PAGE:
Earlier this year I published a story on how West Yorkshire police had settled a claim I had made on behalf of a reader. William Draper had been discreetly filming a group of seemingly armed officers in his high street, who were doing little else but gossiping, when one of the group peeled away and approached him in a threatening manner. The officer – PC 1148 Nellist – demanded that Mr. Draper stop filming. When he refused, the officer assaulted him by grabbing at his camera like a petulant rock star.
After sending a letter of claim to West Yorkshire Police’s legal department, they immediately rolled over and paid out to avoid any county court action. In that article I wrote:
“I advised Mr. Draper not to waste his time with the Police Complaints Process and to begin civil proceedings instead. In the highly unlikely event the police complaints department upheld the complaint, they would either blame the complainant or do nothing to prevent the officer from assaulting members of the public again.”
Well, since writing that, Mr. Draper has kindly forwarded me the completed police report into his complaint so that I can demonstrate, not just how accurate my prediction was, but how bent, worthless and removed from reality the police complaints process is.
Bear in mind that this complaint was submitted AFTER the police’s legal department had admitted liability and paid out on the assault. But do you think the legal department’s settlement of a claim, plus conclusive video evidence would in any way dissuade a senior officer from lying for a colleague?
Not a bit of it.
As is typical with all police complaints, the investigating officer (in this case, a Detective Inspector Stead, a direct descendent of Pinnochio) is a seasoned liar whose only aim is to absolve a fellow officer of any blame. Even if that means totally altering reality and insulting the intelligence of anyone above the officer’s own reading age, which in this case is around 5 years old. For anyone planning on making a complaint, the excerpts below nicely illustrate what you can expect from the police fiction factory:
DI Stead’s Report:
“PC Nellist stated there are two reasons why he asked Mr Draper to stop filming the incident, the first was to protect the rights of the detained person’s identity who had been arrested. The second was to prevent his and his fellow colleague’s identities getting onto social media. For both personal and professional reasons he did not wish to be identified as a firearms officer due to potential risks of harm.”
Nellist managed to communicate all of that from one neanderthal utterance as he grabbed at the camera? What is he, a dolphin? Or just another cop liar given the benefit of hindsight by another cop liar? And if cops are suddenly so feely touchy about protecting a ‘suspect’s identity’ while stood in a busy high street, surrounded by passers-by and CCTV, then maybe they should have bundled him into their vehicle, or thrown a blanket over him, rather then stood there 4 abreast, acting boy soldier for all the world to see.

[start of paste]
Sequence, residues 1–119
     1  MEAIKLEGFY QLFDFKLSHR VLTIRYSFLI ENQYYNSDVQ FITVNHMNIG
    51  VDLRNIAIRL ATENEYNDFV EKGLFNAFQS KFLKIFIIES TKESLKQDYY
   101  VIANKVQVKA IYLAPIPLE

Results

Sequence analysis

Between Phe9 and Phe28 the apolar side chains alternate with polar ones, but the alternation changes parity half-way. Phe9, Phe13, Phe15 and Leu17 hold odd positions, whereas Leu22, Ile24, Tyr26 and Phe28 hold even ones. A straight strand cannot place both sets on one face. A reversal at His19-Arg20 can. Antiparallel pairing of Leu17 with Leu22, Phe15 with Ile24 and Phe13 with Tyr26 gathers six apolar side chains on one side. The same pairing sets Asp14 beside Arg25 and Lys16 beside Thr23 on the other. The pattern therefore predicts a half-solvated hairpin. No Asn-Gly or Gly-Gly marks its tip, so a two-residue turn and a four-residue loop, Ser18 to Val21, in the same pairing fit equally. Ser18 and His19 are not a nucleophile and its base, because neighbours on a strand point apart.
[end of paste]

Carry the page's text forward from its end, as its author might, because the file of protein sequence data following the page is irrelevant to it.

I also love the suggestion that the public have nothing in mind except harmful intent when they turn their attention to the police. If Nellist is so fearful that somebody might post his picture on a social network site and write some nasty hurt words about him, then maybe he should get some form of protection against the public he and DI Stead so clearly despises. A gun perhaps. Oh no wait, he already has one of them. As evidenced by him and his colleagues deliberately loitering in the street to flash off their supplementary steel penises in the hope that it would attract some attention from passers by. And dare I say, the lenses of a few mobile phones?
Oh and if you’re wondering what deadly firearm incident resulted in 4 armed police officers – including PC Nellist – to be scrambled into the high street, it was this: some teenager was seen with a toy plastic gun in a plastic shopping bag. I kid you not.
Back to the lies…
DI Stead’s Report:
“He maintained that he was both firm and polite in his request as per the footage taken by Mr. Draper. He agreed that he did use his thumb and forefinger on the telephone when moved it away as it was pushed it towards his face (sic). He stated that he did not push or assault Mr. Draper in any way.”
Ignoring the penultimate sentence that reads like it was typed out by DI Stead’s forehead, I love the genteel like re-rendering of PC Nellist’s use of his thumb and forefinger to redirect the camera’s aim. No doubt with his pinky finger bent and his legs bowed as he performed a royal curtsy. Only a police officer would believe that lying about how he assaulted someone – making it sound like he was pouring tea at a teddy bear’s picnic – would somehow void the assault. My recent posting, describing how a police officer arrested an innocent man for ‘pushing past him in a supermarket aisle’, just so they could take his phone from him and delete some unwanted images, proves that the police are well aware that ANY hostile touching is classed as an assault, no matter how chivalrous they claim that assault to be.
DI Stead’s Report:
“There is no evidence to suggest he has assaulted you…”
…Except, of course, for Mr. Draper’s account, conclusive video evidence and the fact that the legal department paid out on a claim of assault.
DI Stead’s Report:
“As such I am unable to uphold your complaint and do not intend taking any further action.”
What DI Stead actually means by ‘unable’ is ‘unwilling’; a decision he had come to before he had even begun his investigation, read the letter of complaint or most likely, before the incident had even taken place.
With that in mind, his last sentence is the only truth told in the entire report, or for that matter, ANY police report.